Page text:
Democrat Doug Jones has pulled off a major upset in Alabama by defeating Republican Roy Moore in Tuesday’s special election, Fox News has projected, becoming the first Democrat to win election to the Senate from the deeply conservative state in 25 years.
“We have come so far and the people of Alabama have spoken,” a Jones said during a victory speech in Birmingham late Tuesday.
The dramatic Democratic win cuts the GOP’s Senate majority from 52 to 51, further dimming Republican hopes of enacting major legislation backed by President Trump. But there may be a silver lining for Republicans: A victory by Moore, who is embroiled in a sex scandal, might have made it more difficult for the GOP to retain control of the Senate in next year’s midterm elections.
With 98 percent of precincts reporting, Jones was ahead of Moore 49.5 to 48.8 percent.
The margin is being closely watched. Under Alabama law, a mandatory recount takes place if a candidate wins by a half percent or less.
A Democrat winning the special election for the seat to replace Attorney General Jeff Sessions was seen as just a remote possibility several months ago.
But Jones, a Birmingham attorney famous for prosecuting the KKK, caught a break after Moore was overwhelmed in recent weeks with multiple allegations of past sexual misconduct. Moore denied the accusations throughout the race.
Moore, the former chief justice of Alabama’s Supreme Court, has faced multiple allegations he pursued romantic relationships with teenage girls while he was in his thirties — accusations that have dramatically shaken up the race. He has denied the claims.
President Trump congratulated Jones on his “hard fought victory.”
“The write-in votes played a very big factor, but a win is a win,” Trump tweeted. “The people of Alabama are great, and the Republicans will have another shot at this seat in a very short period of time. It never ends!”
The Fox News Voter Analysis, a new polling technique Fox News is testing to improve coverage, indicated 51 percent of voters on Tuesday believed the accusations against Moore.
The analysis also showed that 59 percent of voters thought Jones has strong moral character, while 57 percent said Moore doesn’t.
The tumultuous campaign has not only seen allegations of sexual misconduct, but attempts to oust Moore from the ticket, interventions from top national figures and President Trump’s warning about the result’s implications for his legislative agenda.
Because he is filling the rest of Sessions’ term, Jones will not serve a full six year Senate term. The seat will be up for re-election again in 2020.
Earlier in the day, Trump, who endorsed Moore even as other top Republicans in Washington called on the nominee to drop out of the race, on Tuesday reiterated his support by arguing Moore would vote for his agenda in Congress.
“The people of Alabama will do the right thing… Roy Moore will always vote with us,” the president tweeted.
Trump painted Jones as a liberal “puppet” of Democratic leaders Chuck Schumer and Nancy Pelosi.
“Doug Jones is Pro-Abortion, weak on Crime, Military and Illegal Immigration, Bad for Gun Owners and Veterans and against the WALL,” Trump tweeted.
Trump won 62 percent of Alabama’s vote in the 2016 presidential race.
Most of the attention in the race, though, centered on Moore. A favorite of religious conservative voters, he has a colorful political history that has both fueled and complicated his rise in Alabama.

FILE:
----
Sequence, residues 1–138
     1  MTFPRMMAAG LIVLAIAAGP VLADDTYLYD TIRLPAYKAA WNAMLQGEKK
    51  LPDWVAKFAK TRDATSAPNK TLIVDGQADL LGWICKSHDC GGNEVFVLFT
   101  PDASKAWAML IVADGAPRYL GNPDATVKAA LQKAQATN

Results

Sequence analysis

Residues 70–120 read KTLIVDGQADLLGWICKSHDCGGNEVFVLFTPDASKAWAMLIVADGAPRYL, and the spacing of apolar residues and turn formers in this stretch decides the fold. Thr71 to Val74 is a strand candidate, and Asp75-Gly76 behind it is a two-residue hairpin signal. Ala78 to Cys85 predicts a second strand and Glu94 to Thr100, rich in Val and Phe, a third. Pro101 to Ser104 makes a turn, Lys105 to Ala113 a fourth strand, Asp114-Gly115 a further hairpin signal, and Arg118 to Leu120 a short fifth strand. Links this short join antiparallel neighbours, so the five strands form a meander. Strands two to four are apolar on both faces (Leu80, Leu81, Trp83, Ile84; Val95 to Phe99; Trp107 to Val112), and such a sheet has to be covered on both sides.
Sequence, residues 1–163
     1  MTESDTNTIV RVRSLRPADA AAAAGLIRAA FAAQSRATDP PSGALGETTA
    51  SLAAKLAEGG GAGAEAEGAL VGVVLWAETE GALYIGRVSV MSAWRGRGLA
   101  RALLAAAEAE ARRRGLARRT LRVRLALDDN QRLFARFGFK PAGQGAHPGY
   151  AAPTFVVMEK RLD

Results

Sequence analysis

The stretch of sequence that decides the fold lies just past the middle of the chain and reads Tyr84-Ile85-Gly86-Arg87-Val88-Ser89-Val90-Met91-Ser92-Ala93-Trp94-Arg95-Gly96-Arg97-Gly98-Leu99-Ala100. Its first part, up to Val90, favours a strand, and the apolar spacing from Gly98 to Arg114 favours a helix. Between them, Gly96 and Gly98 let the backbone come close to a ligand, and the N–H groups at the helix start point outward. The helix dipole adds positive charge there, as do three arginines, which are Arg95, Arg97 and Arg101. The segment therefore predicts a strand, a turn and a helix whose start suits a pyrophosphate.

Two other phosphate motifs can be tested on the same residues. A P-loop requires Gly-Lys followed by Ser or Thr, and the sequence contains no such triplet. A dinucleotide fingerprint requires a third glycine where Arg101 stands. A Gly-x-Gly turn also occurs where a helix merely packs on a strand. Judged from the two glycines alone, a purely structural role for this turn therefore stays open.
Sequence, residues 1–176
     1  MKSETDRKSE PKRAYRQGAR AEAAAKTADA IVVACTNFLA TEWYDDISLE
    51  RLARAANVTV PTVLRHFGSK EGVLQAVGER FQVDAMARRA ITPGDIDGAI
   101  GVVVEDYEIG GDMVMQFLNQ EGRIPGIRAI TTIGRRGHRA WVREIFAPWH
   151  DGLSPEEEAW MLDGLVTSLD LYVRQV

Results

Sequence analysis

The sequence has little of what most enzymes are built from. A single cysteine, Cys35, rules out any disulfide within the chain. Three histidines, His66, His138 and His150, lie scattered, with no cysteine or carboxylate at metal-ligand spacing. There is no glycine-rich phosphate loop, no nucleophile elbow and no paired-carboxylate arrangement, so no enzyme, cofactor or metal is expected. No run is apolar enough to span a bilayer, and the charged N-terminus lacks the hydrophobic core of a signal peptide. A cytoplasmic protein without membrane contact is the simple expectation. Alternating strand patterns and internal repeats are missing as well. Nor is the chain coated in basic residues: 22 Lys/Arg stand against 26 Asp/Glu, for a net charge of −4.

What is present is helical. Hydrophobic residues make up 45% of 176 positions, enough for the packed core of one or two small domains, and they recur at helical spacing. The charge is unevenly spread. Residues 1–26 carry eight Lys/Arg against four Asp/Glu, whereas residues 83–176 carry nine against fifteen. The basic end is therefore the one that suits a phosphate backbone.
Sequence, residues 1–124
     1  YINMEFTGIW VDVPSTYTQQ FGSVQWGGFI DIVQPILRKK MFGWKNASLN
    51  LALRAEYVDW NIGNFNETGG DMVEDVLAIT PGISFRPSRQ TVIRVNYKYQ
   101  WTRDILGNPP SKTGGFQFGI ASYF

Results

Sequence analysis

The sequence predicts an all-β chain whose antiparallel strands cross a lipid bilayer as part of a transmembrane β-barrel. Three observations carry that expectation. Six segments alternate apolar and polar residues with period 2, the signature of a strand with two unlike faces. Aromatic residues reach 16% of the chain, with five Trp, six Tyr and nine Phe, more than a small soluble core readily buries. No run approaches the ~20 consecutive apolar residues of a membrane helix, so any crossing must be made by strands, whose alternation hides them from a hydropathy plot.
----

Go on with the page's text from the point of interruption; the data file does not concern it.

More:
He first got national attention in the 1990s as a county judge when he hung a wooden Ten Commandments plaque on the wall of his courtroom.
Benefiting from his popularity after the episode, Moore then ran and won a race for chief justice of the state’s Supreme Court in 2000. But he was ousted after refusing to remove a 5,280-pound granite Ten Commandments monument from the rotunda of the state judicial building.
He resurrected his political career in 2012, getting elected chief justice again. But his tenure was short-lived once more: In 2016, Moore was suspended as chief justice after he directed probate judges not to issue marriage certificates to gay couples.
After Sessions’ resignation, Luther Strange, the state’s former attorney general, was temporarily appointed to the seat in April before a special election could take place. Strange was appointed by then-Gov. Robert Bentley, who later resigned in the cloud of a scandal.
Despite being endorsed by Trump and enjoying the support of a well-funded super PAC connected to Senate majority leader Mitch McConnell, Strange went on to lose a runoff to Moore in September.
Last month, though, Moore was hit with multiple allegations that he initiated sexual encounters with teenagers when he was a young attorney in the 1970s.
McConnell called on Moore to drop out of the race and explored options for either removing Moore from the ballot or backing a write-in alternative. He also suggested Moore would face a Senate Ethics Committee investigation had he won.
Colorado Sen. Cory Gardner, the chairman of the National Republican Senatorial Committee, said the Senate could have taken the extraordinary step of voting to remove Moore if he had won, saying he “does not meet the ethical and moral requirements of the United States Senate.”
Alabama’s senior Republican senator, Richard Shelby, said he didn’t vote for Moore and instead wrote in the name of another Republican.
Moore, though, never backed down amid the accusations, holding multiple rallies with Trump’s former adviser, Steve Bannon, in recent weeks.
“I’m not talking about the accusers today,” Moore said after arriving at his polling location in Gallant, Alabama, on Tuesday. “I’m talking about this race… the people will answer the allegations this evening with the vote.”
Fox News’ Peter Doocy, Willie Inman, Dan Gallo and Fox Business’ Hillary Vaughn contributed to this report